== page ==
Hyacinths are gorgeous spring flowers with distinctive sweet and lingering fragrance which has been admired by royal families throughout the ages and thus, have become a must for palace gardens and mansion parks.
Nowadays, hyacinths are everywhere – from parks to home gardens and indoor pots. Their distinctive scent cannot be mistaken and adds to the beautiful floral blossoming which is mainly in the spring. In the past extracts of hyacinths have also been used in perfumery and cosmetics.
Facts about Hyacinth
The name of the plant originally comes from Hyacinthus which is a Thraco-Pelasgian word for the deep blue colour of the water/sea (4).
Despite having its origins in Asia Minor, the legend of the flower sends us back in time through Greek mythology where the young Greek hero Hyakinthos is accidentally hit by a disk thrown by his friend Apollo and is reborn in the form of Hyacinth flower (5).
Another Greek myth referring to hyacinth states that the daughter of Demeter – the Goddess of fertility – has been abducted to the underworld while collecting hyacinths and her mother negotiated with the gods to have her turned back every year for one season (5).
This is why it is also believed that the blossom of hyacinths in the spring is the beginning of earth blooming season. Hyacinths are very often confused with the genus Muscari which is also known as grape hyacinths but these are different flowers and should be differentiated.
How Tall Do Hyacinths Grow?
The height of the hyacinth stem is up to 15 inches and is covered with 1-inch-wide florets each of which is open-lily-shaped (2).
Color ranges from white through pink and dark claret to dark blue, deep purple, yellow and orange (3).
The flowers planted in a garden blossom in March to mid April, depending on the region.
When hyacinth is grown indoor in a pot, it can be forced to blossom in other periods of the year, as explained below .
Growing Hyacinths in the Garden
Hyacinths are growing from bulbs and each of them is usually producing two or three stems with blossoms (1).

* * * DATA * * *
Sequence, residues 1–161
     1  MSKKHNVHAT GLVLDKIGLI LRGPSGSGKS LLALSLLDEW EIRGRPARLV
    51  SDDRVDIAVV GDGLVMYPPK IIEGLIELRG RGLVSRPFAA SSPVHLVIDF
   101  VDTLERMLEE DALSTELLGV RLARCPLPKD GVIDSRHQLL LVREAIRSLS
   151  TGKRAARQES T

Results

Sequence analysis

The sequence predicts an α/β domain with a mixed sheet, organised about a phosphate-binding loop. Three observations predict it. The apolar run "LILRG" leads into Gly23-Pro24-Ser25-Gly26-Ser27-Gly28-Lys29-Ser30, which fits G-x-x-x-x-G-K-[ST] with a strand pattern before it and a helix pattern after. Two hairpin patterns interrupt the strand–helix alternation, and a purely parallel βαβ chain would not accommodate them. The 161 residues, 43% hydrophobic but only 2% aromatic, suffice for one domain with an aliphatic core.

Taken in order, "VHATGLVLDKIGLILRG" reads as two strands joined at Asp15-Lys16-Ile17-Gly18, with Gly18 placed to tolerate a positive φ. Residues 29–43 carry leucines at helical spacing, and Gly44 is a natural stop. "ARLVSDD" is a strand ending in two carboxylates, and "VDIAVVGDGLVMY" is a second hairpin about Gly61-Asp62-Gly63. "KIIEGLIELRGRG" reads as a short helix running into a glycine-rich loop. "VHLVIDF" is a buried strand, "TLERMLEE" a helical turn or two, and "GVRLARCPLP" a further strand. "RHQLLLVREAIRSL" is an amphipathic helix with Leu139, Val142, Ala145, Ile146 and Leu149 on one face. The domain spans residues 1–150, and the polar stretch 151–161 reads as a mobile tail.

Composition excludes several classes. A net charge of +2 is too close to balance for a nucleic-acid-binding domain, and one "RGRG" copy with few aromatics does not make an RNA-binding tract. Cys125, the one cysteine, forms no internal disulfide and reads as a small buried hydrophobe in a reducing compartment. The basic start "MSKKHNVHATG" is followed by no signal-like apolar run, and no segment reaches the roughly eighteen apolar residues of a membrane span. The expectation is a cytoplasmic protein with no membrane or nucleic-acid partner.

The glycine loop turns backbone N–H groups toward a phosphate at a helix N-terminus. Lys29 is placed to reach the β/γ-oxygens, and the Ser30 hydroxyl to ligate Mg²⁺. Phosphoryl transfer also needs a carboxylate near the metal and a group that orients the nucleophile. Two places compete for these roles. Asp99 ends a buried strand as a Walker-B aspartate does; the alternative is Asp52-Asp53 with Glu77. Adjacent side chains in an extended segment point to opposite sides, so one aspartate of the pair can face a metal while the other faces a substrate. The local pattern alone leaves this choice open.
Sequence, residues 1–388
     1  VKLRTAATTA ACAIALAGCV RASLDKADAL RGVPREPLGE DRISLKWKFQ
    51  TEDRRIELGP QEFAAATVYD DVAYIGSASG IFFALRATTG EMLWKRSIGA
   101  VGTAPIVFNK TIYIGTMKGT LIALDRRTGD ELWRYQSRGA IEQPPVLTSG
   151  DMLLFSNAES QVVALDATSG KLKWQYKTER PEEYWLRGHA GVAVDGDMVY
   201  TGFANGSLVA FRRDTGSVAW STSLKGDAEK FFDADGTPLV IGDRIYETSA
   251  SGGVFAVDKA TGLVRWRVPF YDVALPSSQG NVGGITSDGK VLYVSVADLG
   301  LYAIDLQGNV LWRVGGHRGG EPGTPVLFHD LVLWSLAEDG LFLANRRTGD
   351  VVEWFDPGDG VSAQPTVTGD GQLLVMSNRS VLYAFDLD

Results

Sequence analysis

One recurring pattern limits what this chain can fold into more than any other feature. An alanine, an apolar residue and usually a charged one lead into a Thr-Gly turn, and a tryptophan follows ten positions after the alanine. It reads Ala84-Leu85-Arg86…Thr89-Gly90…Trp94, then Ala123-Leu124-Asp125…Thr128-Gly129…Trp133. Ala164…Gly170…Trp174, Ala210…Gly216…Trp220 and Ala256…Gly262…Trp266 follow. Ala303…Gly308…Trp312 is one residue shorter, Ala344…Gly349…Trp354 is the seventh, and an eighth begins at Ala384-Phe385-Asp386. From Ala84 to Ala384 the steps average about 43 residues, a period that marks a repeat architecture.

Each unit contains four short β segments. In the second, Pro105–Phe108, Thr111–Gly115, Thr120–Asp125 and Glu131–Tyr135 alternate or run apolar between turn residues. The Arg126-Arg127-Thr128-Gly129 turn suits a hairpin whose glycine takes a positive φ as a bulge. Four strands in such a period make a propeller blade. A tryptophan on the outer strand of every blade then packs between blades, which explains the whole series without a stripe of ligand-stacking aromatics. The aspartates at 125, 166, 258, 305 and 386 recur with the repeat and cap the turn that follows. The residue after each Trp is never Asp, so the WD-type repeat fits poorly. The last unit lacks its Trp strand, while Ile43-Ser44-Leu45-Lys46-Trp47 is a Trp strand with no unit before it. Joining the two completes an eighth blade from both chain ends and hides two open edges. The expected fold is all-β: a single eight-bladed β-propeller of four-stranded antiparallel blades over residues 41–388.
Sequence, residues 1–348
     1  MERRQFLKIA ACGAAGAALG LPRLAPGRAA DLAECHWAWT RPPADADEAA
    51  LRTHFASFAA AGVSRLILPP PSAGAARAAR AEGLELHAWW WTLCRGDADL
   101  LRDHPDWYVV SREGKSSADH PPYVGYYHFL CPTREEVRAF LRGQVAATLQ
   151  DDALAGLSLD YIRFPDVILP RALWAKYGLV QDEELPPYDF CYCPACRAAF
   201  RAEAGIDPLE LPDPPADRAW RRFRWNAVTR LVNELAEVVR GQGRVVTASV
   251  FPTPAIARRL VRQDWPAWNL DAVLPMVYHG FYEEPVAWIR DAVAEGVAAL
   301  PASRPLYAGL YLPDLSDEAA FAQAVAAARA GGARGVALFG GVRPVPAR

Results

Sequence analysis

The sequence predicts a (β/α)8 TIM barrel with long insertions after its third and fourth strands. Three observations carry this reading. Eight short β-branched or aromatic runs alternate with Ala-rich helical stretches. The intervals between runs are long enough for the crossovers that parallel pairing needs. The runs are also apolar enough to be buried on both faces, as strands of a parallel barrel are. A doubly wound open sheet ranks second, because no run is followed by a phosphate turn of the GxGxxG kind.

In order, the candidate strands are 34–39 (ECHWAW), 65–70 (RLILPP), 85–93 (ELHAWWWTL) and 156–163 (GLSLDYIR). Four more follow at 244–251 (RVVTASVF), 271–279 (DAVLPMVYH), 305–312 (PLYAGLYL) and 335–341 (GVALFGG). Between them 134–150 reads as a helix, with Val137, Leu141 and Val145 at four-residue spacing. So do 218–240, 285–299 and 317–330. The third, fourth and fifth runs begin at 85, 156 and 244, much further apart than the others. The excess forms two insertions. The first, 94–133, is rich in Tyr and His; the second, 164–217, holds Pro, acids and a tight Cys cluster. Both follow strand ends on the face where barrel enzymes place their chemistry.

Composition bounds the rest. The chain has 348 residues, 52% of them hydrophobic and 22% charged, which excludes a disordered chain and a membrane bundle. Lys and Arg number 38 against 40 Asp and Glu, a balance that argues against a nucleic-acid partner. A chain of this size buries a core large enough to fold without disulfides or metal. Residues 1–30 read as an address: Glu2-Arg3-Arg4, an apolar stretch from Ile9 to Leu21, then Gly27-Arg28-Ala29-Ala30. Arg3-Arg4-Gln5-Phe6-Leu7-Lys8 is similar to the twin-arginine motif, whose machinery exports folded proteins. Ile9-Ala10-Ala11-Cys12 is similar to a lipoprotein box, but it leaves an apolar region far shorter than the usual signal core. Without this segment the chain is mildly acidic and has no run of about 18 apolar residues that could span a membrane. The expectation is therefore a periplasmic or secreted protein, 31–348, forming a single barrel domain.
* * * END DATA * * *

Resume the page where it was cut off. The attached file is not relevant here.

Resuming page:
These flowers are perfect for growing in a garden as they can survive severe winter conditions and enjoy exposure to lower temperatures in order to blossom properly.
To blossom in March or April, the planting of the bulbs needs to be completed in September or October, depending on the specific geographic region they are grown in
Despite the variations, they definitely need to be planted before snowfall or freezing of the upper layer of the soil. This is important for healthy root development and creating stronger and bigger blossoms in the spring.
Bulbs need to be planted on minimum 4 inches depth and a minimum of 3 inches distance from each other, so that the heavy flower stem is stable when it grows. Roots are developed soon after planting and after winter period, when the weather becomes warmer, they direct the stored energy into developing leaves and flowers.
Hyacinths are among the early bloomers, so a well-planned garden can blossom during the entire spring season (e.g. tulips blossom later). These flowers are blossoming many years, as every next one the number of stems produced by one bulb increases but each of them is with less florets.
After hyacinths flower stop blooming, you have to cut the stems but provide the leaves with the opportunity to dry out naturally. This will make the plant stronger in the following years (6).
Warning: Hyacinth bulbs are poisonous and contain oxalic acid which can cause skin irritation and allergies. You can prevent accidents through using gloves when planting or re-planting the bulbs.